Green – Our Color

by Jan Cashman

Every time I open a magazine lately I see articles about “green living” or “sustainability”. What do they mean by “green”? What is “sustainability”? And what is this thing called our “ecological footprint”? I wasn’t sure so I looked them up. Simply put, “green” means “environmentally friendly”. “Sustainability” means that we don’t take more out of the earth than we are able to put back. Our “ecological footprint” is a measurement of the human demand on nature compared to the earth’s ability to regenerate or “sustain” these natural resources.

Yes, these can be fads and buzz words. We, at Cashman Nursery, have been practicing “green, sustainable” practices for years, although we didn’t call them that. We like to think our business is the ultimate “green” business. But research and new ideas show us other ways that we have not been so “green” and can improve.

Planting trees is our favorite way to be “green”. Trees and plants are not only a huge benefit to our environment, we can’t live without them, because, during the photosynthesis process, plants remove carbon dioxide from the air and, along with water and light, produce oxygen for us to breathe. Plants also extract pollutants from the air. By their shade, trees moderate the temperature underneath them. Trees can help cool your home if they are planted in the right spot. Even mowed grass provides cooling. Walk across a blacktopped parking lot on a hot summer day; then, walk across your lawn. You can guess which place will be cooler. Another benefit of trees and plants: their roots prevent soil erosion and stabilize our soils.

The City of Bozeman’s landscaping requirements for commercial buildings, put into effect in the 1980’s, have greatly improved our city’s environment. Compare the tree-filled parking lots of Gallatin Center (Target and Bob Wards) and Bridger Peaks (Smiths grocery) with other parking areas that were built before the requirements were passed. Some of the trees in the landscaped parking lots are growing big enough to shade your car parked under them on a hot summer day.

Shelly, our landscape architect, sees water conservation as the most important “green” idea in this arid part of the country. Planting native plants that require less water and minimizing your lawn area, called xeriscaping, will conserve water. Many of these native plants are more tolerant of our clay soils, so require fewer soil amendments and fertilizers. Simple ideas can also help conserve water, like mulching, watering in early morning when there is less evaporation, and using drip irrigation for trees, shrubs, and gardens, instead of overhead sprinklers.

The nursery industry as a whole is helping the “green” movement in more ways than just encouraging people to plant trees. Monrovia Nursery, a large growing nursery in California, Oregon, and Georgia, recycles everything from irrigation water to planting soil. They reuse 8 out of every 10 gallons of irrigation water in their Georgia facility. Degradable and biodegradable containers for plants, instead of the commonly used plastic pots, are being manufactured and soon will be available to growers and consumers, hopefully at a reasonable price. Nancy Berg, our grower, called my attention to a farm in Connecticut that has been developing a “poop pot”, a small biodegradable bedding plant pot made from cow dung!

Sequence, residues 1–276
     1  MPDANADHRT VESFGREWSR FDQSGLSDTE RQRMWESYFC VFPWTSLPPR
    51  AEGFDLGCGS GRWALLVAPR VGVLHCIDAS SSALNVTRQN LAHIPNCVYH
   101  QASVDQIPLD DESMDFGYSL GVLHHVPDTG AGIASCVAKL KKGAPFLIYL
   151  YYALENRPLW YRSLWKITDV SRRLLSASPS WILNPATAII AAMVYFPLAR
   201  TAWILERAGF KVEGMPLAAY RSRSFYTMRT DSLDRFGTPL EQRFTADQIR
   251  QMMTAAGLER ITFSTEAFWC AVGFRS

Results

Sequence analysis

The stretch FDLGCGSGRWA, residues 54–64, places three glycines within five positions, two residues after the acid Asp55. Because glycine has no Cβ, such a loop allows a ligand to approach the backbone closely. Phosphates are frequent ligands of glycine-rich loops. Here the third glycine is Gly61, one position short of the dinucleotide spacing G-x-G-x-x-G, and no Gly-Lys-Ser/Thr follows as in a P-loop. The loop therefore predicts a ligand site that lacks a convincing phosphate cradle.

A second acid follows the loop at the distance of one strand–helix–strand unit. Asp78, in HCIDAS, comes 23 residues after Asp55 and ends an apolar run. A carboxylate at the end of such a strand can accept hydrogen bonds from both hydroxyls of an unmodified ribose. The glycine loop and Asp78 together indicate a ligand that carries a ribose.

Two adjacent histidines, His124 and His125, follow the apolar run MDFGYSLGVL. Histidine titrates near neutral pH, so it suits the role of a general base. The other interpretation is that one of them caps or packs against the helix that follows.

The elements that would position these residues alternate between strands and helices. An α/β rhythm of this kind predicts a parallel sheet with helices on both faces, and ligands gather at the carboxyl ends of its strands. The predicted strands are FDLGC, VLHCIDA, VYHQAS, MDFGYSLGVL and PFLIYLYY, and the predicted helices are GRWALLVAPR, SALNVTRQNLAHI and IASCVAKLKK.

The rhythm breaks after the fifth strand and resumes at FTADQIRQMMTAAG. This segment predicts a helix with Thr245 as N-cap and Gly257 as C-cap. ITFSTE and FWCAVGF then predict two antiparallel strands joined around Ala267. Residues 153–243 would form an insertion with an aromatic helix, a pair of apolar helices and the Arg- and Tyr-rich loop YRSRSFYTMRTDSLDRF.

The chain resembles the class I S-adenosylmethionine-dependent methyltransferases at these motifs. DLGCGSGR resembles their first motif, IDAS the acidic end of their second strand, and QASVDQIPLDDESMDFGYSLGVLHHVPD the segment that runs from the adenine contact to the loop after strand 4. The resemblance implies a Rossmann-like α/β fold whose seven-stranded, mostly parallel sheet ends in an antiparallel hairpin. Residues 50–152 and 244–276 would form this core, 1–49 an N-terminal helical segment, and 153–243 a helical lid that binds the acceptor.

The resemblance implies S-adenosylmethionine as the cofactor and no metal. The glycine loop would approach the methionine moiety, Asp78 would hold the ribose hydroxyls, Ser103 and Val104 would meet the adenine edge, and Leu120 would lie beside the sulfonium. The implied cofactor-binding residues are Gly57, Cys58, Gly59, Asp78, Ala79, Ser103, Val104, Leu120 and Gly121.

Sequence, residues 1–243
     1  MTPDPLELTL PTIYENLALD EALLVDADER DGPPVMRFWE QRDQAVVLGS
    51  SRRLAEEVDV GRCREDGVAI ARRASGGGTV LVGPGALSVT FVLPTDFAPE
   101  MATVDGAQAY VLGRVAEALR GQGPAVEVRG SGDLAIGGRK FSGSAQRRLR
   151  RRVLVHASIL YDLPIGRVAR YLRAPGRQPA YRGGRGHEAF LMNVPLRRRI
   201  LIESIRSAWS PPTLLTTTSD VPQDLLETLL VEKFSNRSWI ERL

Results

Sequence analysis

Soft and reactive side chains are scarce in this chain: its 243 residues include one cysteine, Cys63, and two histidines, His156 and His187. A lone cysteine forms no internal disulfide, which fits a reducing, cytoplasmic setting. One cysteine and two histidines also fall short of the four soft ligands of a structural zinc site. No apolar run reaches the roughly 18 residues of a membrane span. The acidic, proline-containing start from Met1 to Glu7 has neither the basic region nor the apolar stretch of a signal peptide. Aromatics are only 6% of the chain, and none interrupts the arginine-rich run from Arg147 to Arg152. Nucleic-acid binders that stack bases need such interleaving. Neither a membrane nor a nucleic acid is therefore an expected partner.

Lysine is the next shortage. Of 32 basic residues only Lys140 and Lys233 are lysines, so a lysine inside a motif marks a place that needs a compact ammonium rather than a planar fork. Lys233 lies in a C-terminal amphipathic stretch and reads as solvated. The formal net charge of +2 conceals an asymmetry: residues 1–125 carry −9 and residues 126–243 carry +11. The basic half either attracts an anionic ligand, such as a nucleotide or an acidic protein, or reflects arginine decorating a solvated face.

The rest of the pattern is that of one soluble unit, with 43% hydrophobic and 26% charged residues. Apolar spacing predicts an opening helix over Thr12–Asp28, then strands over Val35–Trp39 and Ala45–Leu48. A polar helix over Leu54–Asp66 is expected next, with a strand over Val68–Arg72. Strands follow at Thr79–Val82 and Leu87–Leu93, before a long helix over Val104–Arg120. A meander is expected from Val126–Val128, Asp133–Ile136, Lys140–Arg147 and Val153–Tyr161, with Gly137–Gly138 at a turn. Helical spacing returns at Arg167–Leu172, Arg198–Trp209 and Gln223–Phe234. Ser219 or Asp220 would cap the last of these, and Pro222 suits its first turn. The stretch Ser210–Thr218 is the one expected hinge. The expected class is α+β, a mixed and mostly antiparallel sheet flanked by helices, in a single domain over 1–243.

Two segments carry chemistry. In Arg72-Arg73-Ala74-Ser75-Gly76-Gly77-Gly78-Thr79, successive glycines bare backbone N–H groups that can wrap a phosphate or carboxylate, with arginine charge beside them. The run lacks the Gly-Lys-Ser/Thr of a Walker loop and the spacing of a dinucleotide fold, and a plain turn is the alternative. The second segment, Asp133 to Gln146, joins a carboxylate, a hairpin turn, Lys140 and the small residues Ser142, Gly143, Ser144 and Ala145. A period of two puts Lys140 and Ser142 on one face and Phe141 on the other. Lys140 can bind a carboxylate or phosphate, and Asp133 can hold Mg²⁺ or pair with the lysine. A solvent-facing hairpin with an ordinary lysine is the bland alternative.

The overuse of landscape fabric (a petroleum product) installed between mulches and the ground, can be detrimental to the shrubs and trees planted in these beds. My husband Jerry, and Rebecca Hurst, an employee of ours with a Master’s degree in ecology, both agree that landscape fabric in planting beds can keep soils too wet underneath it and inhibit earthworm activity and decomposition of the mulch. Instead, Jerry and Rebecca recommend using organic mulches such as bark chips, cedar mulch, or soil pep, placed directly on top of the soil with no fabric underlayment, so the mulch decomposes naturally.

The natural biological process in which plant life dies, decomposes, and is returned to the earth, is what composting is all about. Many gardeners have been composting for years. Vegetable and fruit wastes, coffee grounds, and egg shells from the kitchen, along with weeds, grass clippings, and plants pulled up in the fall from our vegetable and flower gardens, all break down to make a needed addition of organic matter to our garden soils, a much better use of these wastes than adding them to the landfill.

Government entities, both state and national, have been looking out for our “green” interests. National pesticide bans, in the past, DDT, and, more recently, Diazinon and Dursban, to name just a few, have taken these potentially dangerous products off the market. The State of Montana is working on controlling noxious, invasive plants, including the obvious ones like Canadian thistle and spotted napweed, but also attractive plants like oxeye daisy and purple loosestrife. They choke out natives and invade grazing areas with poor, unpalatable substitutes. It’s up to all of us to cooperate by controlling these weeds on our property.

Kermit the Frog says, “It’s not easy being green”, but it really is. Here at the nursery we have been composting plant wastes for years. Last fall, one of our employees implemented a more comprehensive recycling plan for our waste paper, cans, catalogs, and glass. We reuse plastic pots and trays whenever we can. And, more and more, we are suggesting organic solutions for our customers’ pest problems. There are simple things that we all can do to be more “green”.